Juneau has grown accustomed to having its Crimson Bears represent the capital city at the state track & field championships, but never before have this many kids from a different school gotten the chance to run, jump and throw alongside them.
Juneau-Douglas took first place at the Region V Track & Field Championships on both the girls’ and boys’ sides last weekend, marking the 48th and 49th consecutive combined titles for the two teams.
But this year, the Falcons will be right there with the Bears with 12 athletes — seven boys and five girls — in Fairbanks after only two made it last year.
TMHS coach Scott May said while losing to Juneau-Douglas by four points on the boys’ side at the region meet was difficult, he and the athletes still standing are pleased with the year they’ve had.
“We’re really proud of what we’ve accomplished this season. It was disappointing to come up four points short (at the regional), but I think going to the state meet, we’re going to do really well,” he said. “I’m expecting to get well over 20 points, maybe even 30, which would put us as one of the top-10 teams in the state.”
Confidence is understandably high at Thunder Mountain, but the old guard, Juneau-Douglas, is heading to Fairbanks with aspirations of its own.
JDHS coach Janette Gagnon said with both teams winning the Region V meet once again — the boys in somewhat of an upset after not topping Thunder Mountain all season — things are starting to click.
“It was definitely a great way to finish off the region,” she said. “They really came together in a lot of events they haven’t done before, and that’s where all the points came from.”
The girls’ team is sending 13 to state, while the boys will bring six. Despite the low number of boys compared to previous years, Gagnon said the group looks forward to competing.
“I think in 2005 when the boys won state, they might have had only eight or nine there. So it’s possible, but, overall, they’re not ranked really high,” she said. “So we’re looking at some personal bests and maybe even school records, but I really don’t expect really high rankings as far as the team.”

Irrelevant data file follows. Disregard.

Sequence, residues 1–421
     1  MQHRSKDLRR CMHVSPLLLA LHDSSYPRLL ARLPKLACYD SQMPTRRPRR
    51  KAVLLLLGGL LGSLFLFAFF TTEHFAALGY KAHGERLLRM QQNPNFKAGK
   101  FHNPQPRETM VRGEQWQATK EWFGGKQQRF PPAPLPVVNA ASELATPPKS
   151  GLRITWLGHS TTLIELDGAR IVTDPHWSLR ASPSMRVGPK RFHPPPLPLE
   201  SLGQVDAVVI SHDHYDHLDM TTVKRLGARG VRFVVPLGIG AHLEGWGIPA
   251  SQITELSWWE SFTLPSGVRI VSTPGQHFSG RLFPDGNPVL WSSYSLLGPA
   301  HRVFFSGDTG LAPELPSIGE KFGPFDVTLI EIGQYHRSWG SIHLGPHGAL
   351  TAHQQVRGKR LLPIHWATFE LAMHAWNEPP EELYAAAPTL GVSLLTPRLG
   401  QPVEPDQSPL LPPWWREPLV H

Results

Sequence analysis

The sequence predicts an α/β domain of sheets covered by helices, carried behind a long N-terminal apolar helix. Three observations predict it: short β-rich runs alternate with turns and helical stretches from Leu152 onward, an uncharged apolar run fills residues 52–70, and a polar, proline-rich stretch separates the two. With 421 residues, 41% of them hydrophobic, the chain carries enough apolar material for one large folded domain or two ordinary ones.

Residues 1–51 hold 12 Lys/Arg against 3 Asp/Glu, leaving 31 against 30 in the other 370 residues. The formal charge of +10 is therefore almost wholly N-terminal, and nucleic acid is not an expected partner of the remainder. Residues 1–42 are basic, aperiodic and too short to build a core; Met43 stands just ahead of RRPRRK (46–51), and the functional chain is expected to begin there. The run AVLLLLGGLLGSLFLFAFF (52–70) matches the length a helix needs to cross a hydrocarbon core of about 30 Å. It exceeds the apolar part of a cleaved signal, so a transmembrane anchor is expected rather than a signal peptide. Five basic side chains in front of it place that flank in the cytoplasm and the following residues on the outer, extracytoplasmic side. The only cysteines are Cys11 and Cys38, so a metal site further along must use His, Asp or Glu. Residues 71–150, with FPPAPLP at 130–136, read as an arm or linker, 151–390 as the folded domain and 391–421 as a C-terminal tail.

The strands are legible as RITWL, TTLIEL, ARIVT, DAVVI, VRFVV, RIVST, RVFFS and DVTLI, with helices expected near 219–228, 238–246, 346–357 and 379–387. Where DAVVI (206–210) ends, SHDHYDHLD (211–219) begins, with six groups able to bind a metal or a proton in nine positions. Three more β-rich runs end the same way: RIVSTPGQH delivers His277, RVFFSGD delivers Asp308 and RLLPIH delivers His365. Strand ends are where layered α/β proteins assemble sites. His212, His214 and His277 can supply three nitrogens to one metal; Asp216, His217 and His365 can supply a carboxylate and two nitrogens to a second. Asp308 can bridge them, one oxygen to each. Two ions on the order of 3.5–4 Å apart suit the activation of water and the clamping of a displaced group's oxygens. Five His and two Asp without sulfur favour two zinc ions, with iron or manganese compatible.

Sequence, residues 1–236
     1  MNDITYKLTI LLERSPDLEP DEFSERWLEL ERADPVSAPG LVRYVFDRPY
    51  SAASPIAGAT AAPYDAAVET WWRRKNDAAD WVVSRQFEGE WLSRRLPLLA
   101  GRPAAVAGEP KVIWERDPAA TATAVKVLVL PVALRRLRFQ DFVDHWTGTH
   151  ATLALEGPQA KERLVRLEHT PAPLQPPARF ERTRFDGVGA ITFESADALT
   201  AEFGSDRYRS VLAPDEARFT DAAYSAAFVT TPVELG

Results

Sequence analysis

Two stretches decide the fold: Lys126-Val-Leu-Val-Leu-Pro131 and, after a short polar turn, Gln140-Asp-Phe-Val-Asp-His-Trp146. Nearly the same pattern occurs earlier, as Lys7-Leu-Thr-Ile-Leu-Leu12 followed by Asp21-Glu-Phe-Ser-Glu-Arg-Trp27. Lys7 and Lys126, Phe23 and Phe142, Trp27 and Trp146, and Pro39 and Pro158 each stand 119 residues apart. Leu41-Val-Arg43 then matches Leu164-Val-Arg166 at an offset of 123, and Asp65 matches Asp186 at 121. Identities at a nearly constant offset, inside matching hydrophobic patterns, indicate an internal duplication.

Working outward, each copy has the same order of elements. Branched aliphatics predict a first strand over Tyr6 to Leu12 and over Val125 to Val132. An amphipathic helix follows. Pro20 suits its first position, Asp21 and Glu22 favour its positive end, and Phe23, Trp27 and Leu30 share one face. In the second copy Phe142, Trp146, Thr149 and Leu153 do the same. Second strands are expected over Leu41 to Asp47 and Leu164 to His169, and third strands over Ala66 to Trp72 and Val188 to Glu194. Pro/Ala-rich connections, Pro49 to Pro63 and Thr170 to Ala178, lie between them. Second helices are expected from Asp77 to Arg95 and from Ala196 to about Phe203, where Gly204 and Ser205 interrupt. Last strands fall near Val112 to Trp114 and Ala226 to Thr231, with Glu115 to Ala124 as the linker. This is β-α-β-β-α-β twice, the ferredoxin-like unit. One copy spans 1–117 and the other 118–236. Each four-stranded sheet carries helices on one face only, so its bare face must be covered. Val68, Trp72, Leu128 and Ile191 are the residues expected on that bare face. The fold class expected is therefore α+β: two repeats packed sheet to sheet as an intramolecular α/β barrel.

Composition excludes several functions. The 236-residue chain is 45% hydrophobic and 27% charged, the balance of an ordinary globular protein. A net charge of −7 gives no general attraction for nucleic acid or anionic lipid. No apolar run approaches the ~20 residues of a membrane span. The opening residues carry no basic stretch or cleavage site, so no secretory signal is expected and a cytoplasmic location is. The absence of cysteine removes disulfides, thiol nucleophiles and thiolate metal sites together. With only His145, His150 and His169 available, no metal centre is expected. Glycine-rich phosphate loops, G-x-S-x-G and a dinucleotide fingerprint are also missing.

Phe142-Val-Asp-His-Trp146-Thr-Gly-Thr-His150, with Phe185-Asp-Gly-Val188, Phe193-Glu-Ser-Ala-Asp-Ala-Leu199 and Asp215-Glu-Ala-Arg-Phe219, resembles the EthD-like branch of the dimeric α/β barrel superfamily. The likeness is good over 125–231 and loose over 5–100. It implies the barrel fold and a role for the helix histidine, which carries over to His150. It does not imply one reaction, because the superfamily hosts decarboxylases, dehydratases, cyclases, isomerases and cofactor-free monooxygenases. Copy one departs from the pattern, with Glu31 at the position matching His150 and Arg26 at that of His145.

As for the girls, Gagnon said she expects good things from them this weekend. She said there’s also the possibility of at least one state record being broken.
“The girls are looking at setting a record in the 4-x-100 (relay), and maybe even the 4-x-200,” she said. “Emily (Sharp) definitely has her eyes set on the 100 hurdles. She really wants to get that state record.”
Sharp set the 100-meter hurdles record at state last year (14.92), only to see it fall by two-hundreths of a second the very next day in the finals when Dimond’s Keiahnna Engle ran 14.90 to win the state championship.
Sharp’s mark of 15.39 during last weekend’s Region V meet is good enough for the third seed at state. Engle is back again with this year’s fastest time (15.13), followed closely by Bartlett’s Rosie Smith (15.14).
Andre Bunton came out of nowhere last weekend to win the boys’ 110 hurdles Region V 4A title (16.74), a race in which he’s seeded seventh for state after running it just twice in his career.
Bunton and Jesse Miller also could push the school records in the triple and long jumps, respectively, where they are seeded eighth and 11th overall. She said Karissa Jackson and Samantha Sharp also have made great strides in the 300 hurdles, despite being each other’s only real competition this year. Gagnon said she feels they will be pushed to run their best and have a great shot at setting new personal records.
Samantha Sharp said she thinks the girls’ side will have a strong showing at state, and she hopes to place well in both the 100 and 300 hurdles.
“We’re hoping our girls’ team will be pretty strong because we’re bringing quite a few girls,” she said. “My sister (Emily) and I are ranked third and twelfth in the 100-meter hurdles, and hopefully we can step that up a little bit, maybe first, second, third or fourth.”
Samantha Sharp also is seeded eighth overall in the 300 hurdles, while Jackson is the ninth seed.
Despite the Crimson Bears sending more athletes to state than Thunder Mountain, it’s the Falcons who have the highest-seeded participants, aside from Emily Sharp. The 4-x-100 relay team, which spent much of the season with the best time in the state, is seeded third overall, while the 4-x-200 team, with the same lineup, is the second overall seed. Junior Alex Tracy and seniors Donald Stokes and Josh and Ray Jones make up the two relays.
Stokes also is the third seed in both the 100 and 200, and Tracy is the second and fifth seeds in the triple and long jumps, respectively. Shayla Reeves is the highest seed on the girls’ side for the Falcons, ranked sixth in the long jump.
Thunder Mountain junior throwing captain Renier Cava said with all the success the team has had this year, people are thinking positively heading into the final — and biggest — meet.
“I think a lot of us are really excited and morale is really high. I think we’ll build on that morale,” he said. “I want to beat my personal record and hopefully get 40 (feet) up there. I’m working hard at it.
“I’d say my chances of getting there are about 80 percent.”
Cava is the 19th seed in the shot put this weekend.
The 2011 ASAA/First National Bank Alaska Track & Field Championships begin at 9 a.m. today at Lathrop High School.